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Center for Research Animal Resources Workshop Fish Health Management

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Presentation on theme: "Center for Research Animal Resources Workshop Fish Health Management"— Presentation transcript:

1 Center for Research Animal Resources Workshop Fish Health Management
Paul R. Bowser Aquatic Animal Health Program Department of Microbiology and Immunology College of Veterinary Medicine Cornell University Ithaca, New York

2 Workshop Overview Water Quality Management – General Comments
Important Water Quality Parameters Monitoring Water Quality Aquarium Systems Aquaculture Systems Fish Physiology Basics

3 Workshop Overview (cont.)
Disease Diagnosis – how you can help us better help you Your “Fish Room”

4 Water Quality Management –General Comments
Water as a “Universal Solvent” Will dissolve a lot of substances Oxygen Toxins

5 Water Quality Management –General Comments
Specific gravity Changes with water temperature In general: as T ↑ Specific Gravity ↓ Maximum at 4C Importance: uniformity (you don’t want water with different specific gravity in your fish holding system) This is mostly a problem in a large (i.e. pond) system

6 Water Quality Management –General Comments
Hardness Amount of divalent cations Primarily Ca++ and Mg ++ Hardness can have interactions with other water quality parameters and disease treatment compounds Want hardness at approximately 100 mg/L (as equivalent CaCO3)

7 Water Quality Management –General Comments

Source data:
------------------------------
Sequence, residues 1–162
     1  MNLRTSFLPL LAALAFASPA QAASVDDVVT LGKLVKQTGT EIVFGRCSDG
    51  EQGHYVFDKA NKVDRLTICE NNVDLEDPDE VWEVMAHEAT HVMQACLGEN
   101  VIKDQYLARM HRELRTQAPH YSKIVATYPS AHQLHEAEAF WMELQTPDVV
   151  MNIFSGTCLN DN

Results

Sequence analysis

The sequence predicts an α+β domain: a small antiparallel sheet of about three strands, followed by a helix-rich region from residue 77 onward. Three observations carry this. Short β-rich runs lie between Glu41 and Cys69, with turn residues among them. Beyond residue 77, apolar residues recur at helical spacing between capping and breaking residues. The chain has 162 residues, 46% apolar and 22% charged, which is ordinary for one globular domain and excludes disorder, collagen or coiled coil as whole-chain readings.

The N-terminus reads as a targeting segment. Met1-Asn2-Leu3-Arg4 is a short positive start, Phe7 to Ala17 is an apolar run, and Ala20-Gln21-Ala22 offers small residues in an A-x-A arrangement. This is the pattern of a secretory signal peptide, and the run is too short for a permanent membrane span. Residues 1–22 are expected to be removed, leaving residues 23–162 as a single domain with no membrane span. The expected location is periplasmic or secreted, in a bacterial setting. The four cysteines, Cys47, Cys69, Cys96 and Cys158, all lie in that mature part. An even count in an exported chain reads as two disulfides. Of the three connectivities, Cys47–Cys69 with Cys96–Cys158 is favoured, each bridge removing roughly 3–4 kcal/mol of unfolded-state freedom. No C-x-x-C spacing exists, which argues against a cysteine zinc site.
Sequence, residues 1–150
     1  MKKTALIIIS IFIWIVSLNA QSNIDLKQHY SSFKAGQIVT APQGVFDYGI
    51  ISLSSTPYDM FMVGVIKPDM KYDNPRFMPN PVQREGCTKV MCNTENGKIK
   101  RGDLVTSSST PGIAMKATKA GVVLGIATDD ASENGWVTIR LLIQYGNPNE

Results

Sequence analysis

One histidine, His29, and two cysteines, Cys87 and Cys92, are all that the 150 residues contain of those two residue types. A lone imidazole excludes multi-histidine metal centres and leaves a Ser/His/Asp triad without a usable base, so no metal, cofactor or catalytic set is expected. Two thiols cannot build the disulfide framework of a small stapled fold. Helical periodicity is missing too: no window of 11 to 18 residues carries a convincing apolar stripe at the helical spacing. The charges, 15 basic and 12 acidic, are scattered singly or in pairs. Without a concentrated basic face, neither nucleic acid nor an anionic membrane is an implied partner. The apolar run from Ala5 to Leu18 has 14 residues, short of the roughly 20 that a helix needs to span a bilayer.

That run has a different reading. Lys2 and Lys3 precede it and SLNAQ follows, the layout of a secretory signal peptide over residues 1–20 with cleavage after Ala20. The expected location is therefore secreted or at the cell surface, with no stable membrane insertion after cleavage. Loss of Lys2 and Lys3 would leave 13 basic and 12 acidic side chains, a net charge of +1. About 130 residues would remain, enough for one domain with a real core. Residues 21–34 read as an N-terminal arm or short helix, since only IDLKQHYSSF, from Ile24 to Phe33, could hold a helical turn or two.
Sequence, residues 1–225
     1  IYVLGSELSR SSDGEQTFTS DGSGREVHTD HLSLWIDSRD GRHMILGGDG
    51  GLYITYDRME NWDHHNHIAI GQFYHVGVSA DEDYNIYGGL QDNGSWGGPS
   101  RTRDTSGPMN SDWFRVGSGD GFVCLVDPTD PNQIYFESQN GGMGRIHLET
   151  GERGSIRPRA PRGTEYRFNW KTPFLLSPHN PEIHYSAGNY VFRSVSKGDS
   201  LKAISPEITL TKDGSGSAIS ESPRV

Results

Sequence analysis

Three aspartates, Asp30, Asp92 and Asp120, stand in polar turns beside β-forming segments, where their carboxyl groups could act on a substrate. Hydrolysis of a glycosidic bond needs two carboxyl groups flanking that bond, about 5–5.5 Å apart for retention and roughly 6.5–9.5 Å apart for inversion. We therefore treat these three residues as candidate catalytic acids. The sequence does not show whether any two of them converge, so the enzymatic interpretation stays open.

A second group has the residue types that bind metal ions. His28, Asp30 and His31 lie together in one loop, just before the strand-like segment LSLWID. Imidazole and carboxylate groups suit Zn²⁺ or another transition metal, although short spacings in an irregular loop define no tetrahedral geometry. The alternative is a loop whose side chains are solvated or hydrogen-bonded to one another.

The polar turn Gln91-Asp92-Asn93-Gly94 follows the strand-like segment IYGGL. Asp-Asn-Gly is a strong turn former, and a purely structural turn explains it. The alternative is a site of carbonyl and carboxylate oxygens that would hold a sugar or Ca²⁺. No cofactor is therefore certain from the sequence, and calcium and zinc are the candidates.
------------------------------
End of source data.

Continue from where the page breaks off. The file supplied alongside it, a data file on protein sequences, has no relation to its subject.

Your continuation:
Alkalinity Carbonate, Bicarbonate and Silicate Important in providing buffering capability Capability to resist a change in pH Stability of pH is desirable

8 Water Quality Management –General Comments
pH Log of the inverse of the hydrogen ion concentration Log function Freshwater: pH = 7.0 – 7.2 Saltwater: pH = 7.8 – 8.0 Ideal (in general) stay near the normals

9 Water Quality Management –General Comments
Specific heat The amount of energy it takes to change the temperature of a given substance Water has a high specific heat It takes a lot of energy to change the temperature of a given volume of water Water temperature can be changed slowly

10 Important Water Quality Parameters
THE WATER SOURCE IS OF PARAMOUNT IMPORTANCE Well water Spring water – devoid of living organisms, especially potential vectors of fish pathogens Surface water – wild fish are a source of pathogens filter UV treat Ozone treat

11 Important Water Quality Parameters
Water Temperature The ideal for the species An acceptable range for the species Tropical fish Cool water fish Cold water fish

12 Important Water Quality Parameters
Dissolved Oxygen As water temperature ↑, O2 carrying capacity ↓ Temperature O2 at 100% Saturation (mg/L)

13 Important Water Quality Parameters
Dissolved Oxygen As water temperature ↑, O2 carrying capacity ↓ Temperature O2 at 100% Saturation (mg/L) NOTE: A fish at 25C deals with 8.25 ppm DO; we deal with 20 per cent (parts per hundred)

14 Important Water Quality Parameters
Dissolved Oxygen Note: As Temperature ↑ DO at 100% Saturation ↓ BUT: As T ↑, O2 requirement of FISH ↑ Problem: Not enough O2 at higher water temperature to support the needs of the FISH